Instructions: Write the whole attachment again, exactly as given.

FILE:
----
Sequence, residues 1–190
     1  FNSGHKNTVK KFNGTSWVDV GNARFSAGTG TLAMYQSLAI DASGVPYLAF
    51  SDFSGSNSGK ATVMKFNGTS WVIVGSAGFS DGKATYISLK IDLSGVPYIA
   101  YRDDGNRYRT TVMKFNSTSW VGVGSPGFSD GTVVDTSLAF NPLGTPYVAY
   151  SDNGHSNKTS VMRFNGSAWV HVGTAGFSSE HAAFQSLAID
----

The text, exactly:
Sequence, residues 1–190
     1  FNSGHKNTVK KFNGTSWVDV GNARFSAGTG TLAMYQSLAI DASGVPYLAF
    51  SDFSGSNSGK ATVMKFNGTS WVIVGSAGFS DGKATYISLK IDLSGVPYIA
   101  YRDDGNRYRT TVMKFNSTSW VGVGSPGFSD GTVVDTSLAF NPLGTPYVAY
   151  SDNGHSNKTS VMRFNGSAWV HVGTAGFSSE HAAFQSLAID